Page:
As you’re all probably aware by now, I’ve been kind of hung up on football lately. Last week I wrote about the inaugural Mindjet Productivity Bowl and here I am at it again talking about none other than the Denver Bronco Quarterback, Tim Tebow. Personally, I think it’s because I’m going through Post Super Bowl (PSB) Withdrawal – ok so it’s a lame name, but you get the idea.
This week marks the return of Social Media Week to San Francisco, one of the now 21 global cities hosting this conference. For those of you unfamiliar with Social Media Week, it’s a global conference touching on a wide variety of Social Media topics – from the future of social to analyzing social ROI to discussing how it can help select a brand ambassador.
Earlier today, I attended some of these talks. One I fond particularly interesting was a “Social Media Shoot-out” between two digital marketing agencies (Beyond and Lithium). The two teams were tasked with deciding whether or not it made sense using the controversial Denver Bronco Quarterback as a brand’s spokesperson. The goal of this showdown was to highlight how to help individuals cope sifting through the sea of data that social media produces and how to take that data and come up with specific insights (in this case about Tebow). Each team was supposed to come up with three insights around Tebow. So in the spirit of football, let’s dive in and see who wins in Beyond vs. Lithium.
First up, Beyond Technologies. They analyzed the entire NFL season reporting a whopping 7.4 million posts on Tim Tebow. So, clearly Tim Tebow is one popular guy. Here’s several key insights that Beyond pulled out when analyzing Tim Tebow.
Insight #1: When Tebow wins he’s a hero, and when he loses, he’s a fraud. Maybe not that surprising to Tebow followers. However, given this popular sentiment, the question then becomes does the same hold true for other NFL quarterbacks. Is Tom Brady or Alex Smith just as susceptible to the same sentiment flux? The answer is no. The Beyond guys felt the reason why the sentiment around Tim Tebow sways so much is because he’s not an established QB yet. So it should be interesting to see how this plays out in future NFL seasons.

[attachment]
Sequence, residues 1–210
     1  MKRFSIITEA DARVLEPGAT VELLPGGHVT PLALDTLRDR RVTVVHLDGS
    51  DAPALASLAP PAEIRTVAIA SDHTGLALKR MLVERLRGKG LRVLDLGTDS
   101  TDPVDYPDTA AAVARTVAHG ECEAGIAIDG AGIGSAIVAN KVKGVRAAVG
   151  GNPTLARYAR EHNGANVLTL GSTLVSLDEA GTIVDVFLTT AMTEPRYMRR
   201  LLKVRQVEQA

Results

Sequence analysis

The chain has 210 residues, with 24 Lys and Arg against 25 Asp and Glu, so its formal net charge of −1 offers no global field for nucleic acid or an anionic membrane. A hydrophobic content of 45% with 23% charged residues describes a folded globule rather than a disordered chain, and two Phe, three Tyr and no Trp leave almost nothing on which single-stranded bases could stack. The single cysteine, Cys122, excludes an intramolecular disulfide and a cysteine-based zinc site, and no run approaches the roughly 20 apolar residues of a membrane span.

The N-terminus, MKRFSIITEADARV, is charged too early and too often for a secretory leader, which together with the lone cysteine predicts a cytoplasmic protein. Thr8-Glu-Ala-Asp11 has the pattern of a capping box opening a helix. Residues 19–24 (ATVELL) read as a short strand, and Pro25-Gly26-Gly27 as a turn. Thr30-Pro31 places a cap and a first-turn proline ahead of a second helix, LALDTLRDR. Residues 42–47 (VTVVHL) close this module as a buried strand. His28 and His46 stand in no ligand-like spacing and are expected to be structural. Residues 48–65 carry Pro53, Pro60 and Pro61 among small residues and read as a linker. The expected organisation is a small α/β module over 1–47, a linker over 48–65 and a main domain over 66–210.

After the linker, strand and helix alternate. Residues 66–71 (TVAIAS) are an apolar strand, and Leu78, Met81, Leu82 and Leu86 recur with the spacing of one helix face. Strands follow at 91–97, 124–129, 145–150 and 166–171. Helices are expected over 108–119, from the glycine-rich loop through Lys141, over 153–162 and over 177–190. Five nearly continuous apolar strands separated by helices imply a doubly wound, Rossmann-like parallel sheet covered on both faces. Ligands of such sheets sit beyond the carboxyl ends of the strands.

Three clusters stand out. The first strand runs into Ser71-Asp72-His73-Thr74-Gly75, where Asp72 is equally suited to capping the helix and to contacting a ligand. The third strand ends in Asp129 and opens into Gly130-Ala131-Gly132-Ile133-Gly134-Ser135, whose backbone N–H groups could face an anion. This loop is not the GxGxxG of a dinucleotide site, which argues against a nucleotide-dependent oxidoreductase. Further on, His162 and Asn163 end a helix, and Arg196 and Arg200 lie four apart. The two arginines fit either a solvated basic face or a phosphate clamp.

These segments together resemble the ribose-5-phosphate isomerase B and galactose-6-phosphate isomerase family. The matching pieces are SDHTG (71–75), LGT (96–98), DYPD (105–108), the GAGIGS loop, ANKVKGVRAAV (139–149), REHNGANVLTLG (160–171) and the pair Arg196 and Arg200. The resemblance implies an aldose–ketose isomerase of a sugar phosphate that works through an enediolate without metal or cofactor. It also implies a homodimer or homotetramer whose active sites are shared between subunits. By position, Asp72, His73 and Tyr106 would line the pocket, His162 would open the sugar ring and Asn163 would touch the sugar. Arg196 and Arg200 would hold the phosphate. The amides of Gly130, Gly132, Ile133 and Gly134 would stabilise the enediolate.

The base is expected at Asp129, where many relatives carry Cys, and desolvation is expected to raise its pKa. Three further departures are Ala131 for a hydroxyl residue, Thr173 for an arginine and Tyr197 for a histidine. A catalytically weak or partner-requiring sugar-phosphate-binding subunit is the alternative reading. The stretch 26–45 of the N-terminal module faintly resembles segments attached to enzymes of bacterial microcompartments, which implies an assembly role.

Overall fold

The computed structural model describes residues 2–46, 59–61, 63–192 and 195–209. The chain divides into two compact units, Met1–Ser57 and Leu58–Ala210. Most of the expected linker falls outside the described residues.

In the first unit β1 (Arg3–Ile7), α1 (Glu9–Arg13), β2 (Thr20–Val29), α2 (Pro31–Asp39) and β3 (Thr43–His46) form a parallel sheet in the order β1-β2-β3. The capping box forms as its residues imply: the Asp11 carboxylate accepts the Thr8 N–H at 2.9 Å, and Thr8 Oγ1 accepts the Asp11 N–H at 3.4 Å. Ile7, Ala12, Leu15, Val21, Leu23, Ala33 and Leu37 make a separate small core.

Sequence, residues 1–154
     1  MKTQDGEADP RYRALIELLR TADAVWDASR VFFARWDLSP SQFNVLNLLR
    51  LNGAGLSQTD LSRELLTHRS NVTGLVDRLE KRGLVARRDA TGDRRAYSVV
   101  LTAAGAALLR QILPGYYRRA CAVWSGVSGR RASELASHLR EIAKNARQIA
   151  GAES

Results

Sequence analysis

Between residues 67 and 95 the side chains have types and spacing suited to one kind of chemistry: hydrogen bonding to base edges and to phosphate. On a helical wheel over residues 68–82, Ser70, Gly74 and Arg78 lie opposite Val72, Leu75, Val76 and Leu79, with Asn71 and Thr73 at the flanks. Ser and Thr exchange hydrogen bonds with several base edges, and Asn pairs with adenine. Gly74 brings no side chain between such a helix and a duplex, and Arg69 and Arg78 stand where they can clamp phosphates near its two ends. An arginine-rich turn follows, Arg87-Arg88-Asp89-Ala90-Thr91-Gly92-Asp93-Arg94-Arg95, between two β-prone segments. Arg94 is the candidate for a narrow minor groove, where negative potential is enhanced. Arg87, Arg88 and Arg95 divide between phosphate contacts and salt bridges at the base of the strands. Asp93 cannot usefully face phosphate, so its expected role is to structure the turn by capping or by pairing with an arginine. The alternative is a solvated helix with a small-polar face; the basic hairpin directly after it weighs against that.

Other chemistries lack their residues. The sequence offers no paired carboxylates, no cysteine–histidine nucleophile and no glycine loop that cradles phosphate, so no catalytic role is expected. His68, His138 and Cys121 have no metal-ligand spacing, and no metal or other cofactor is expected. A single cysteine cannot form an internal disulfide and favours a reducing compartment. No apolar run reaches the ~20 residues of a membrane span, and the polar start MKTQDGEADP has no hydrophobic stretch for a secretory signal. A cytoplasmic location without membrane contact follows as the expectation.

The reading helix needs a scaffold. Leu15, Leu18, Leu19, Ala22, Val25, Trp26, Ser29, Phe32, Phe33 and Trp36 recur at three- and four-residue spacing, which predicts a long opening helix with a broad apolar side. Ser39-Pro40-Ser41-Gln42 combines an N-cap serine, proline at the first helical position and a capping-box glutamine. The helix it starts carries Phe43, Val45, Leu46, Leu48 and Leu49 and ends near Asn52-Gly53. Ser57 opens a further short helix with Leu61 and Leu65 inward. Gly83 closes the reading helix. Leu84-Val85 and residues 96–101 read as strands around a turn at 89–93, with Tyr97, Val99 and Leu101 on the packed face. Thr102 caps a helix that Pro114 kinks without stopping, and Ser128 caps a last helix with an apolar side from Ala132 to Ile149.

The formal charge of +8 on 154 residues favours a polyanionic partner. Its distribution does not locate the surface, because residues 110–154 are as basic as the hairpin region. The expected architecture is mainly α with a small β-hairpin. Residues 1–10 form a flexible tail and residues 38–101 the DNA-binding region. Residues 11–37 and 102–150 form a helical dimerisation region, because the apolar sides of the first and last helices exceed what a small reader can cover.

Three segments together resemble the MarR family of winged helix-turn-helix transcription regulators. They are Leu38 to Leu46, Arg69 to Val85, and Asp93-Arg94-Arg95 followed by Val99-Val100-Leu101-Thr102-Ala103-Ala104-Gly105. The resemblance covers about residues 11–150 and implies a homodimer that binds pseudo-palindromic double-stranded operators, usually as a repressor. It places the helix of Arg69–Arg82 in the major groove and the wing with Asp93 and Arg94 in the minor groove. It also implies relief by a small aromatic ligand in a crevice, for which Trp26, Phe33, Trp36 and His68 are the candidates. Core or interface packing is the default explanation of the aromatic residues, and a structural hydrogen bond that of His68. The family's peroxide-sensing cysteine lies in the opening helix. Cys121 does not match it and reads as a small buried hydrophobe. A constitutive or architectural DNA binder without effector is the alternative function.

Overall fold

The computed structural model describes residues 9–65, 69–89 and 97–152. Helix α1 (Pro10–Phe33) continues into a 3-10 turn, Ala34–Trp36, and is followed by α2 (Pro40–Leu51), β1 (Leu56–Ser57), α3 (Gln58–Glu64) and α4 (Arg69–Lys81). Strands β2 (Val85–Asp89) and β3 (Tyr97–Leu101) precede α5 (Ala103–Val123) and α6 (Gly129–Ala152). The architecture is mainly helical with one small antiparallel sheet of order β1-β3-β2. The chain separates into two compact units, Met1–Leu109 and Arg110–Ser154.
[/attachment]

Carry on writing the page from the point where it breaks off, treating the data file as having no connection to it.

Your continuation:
Insight #2: The Beyond team discovered that surprisingly enough, Tebow’s religion does not have a real negative impact on his overall perception. In fact, they believed that Tebow’s religious affiliation is an important part of his appeal. The Beyond team wanted to see if Tebow’s close association with Christianity was a potential issue as a future brand spokesman. Interestingly enough, his religious association helps him. People associate Tebow as being an individual of strong moral fiber resulting in the average sentiment around Tebow and religious conversations being slightly more positive than the overall Tim Tebow conversation sentiment.
Insight #3: Humor is essential part of America’s Tim Tebow experience. 2.4 million jokes and about 2 million sarcastic comments or approx. 33% of total twitter comments made about Tebow consisted of jokes or sarcastic comments.
Beyond recommended using him. Tim Tebow is definitely buzz-worthy, but they advised that only a very carefully crafted portrayal of Tim Tebow will be successful. They suggested portraying his volatility, as Tebow is no Michael Jordan – It takes incredible last minute antics for him to win. Also, they suggested highlighting his morality, his characteristics of being a good guy etc… and lastly to include a humorous element in the content. They concluded if you pull off a campaign that way it will be successful.
Now we turn our attention to Lithium. Lithium’s team felt that it wasn’t worth using Tim Tebow as a spokesman at all. They felt that he is just too polarizing and his religious affiliation makes him too risky. Here’s why:
Insight #1: Unlike Beyond, Lithium found times when the conversation sentiment was negative around Tebow and religion. They believed this was because it was due to people mocking Tim Tebow.
Insight #2: Tebow is a Meme. They felt that Memes are not always best for endorsements. Despite the fact that you’re guaranteed to get a lot of buzz around Tebow, the religious connotation remains right there, underneath the surface. The Lithium team felt that it quickly becomes a case of discerning if “all P.R. is good P.R.”.
Insight #3: Lithium found that most of the conversations around Tebow were about mocking him. Tebow is a very polarizing guy, when the team looked at all the “I love Tebows” vs. “I hate Tebows” the two conversations trended each other proving that it really is the opposite side of the same conversation.
Clearly, what is shown here is that when looking at social media and brand ambassadors you have to look and see if the individual is right for your brand. If you wanted to portray excellence and consistency, then Tebow would not be your guy. However, if you wanted to have a campaign highlighting how he’s a generally a good guy and want it to be humorous, then perhaps Tim Tebow is the right person for the job. It really depends on what it is you want to convey. So next time you’re thinking about soliciting a brand ambassador make sure to do some research and see if the individual you have in mind is a good fit with your brand’s attributes.
Do you think Tim Tebow would be a good brand spokesman? I’m curious.